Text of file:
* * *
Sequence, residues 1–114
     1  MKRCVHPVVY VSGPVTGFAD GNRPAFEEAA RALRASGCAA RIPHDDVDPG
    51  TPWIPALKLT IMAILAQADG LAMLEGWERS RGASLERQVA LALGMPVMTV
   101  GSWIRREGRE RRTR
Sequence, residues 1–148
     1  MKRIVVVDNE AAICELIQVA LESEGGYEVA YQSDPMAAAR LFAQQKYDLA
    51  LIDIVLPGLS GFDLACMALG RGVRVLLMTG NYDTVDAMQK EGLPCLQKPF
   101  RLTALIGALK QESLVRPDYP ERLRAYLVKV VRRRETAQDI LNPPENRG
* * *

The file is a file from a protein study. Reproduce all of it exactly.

Sequence, residues 1–114
     1  MKRCVHPVVY VSGPVTGFAD GNRPAFEEAA RALRASGCAA RIPHDDVDPG
    51  TPWIPALKLT IMAILAQADG LAMLEGWERS RGASLERQVA LALGMPVMTV
   101  GSWIRREGRE RRTR
Sequence, residues 1–148
     1  MKRIVVVDNE AAICELIQVA LESEGGYEVA YQSDPMAAAR LFAQQKYDLA
    51  LIDIVLPGLS GFDLACMALG RGVRVLLMTG NYDTVDAMQK EGLPCLQKPF
   101  RLTALIGALK QESLVRPDYP ERLRAYLVKV VRRRETAQDI LNPPENRG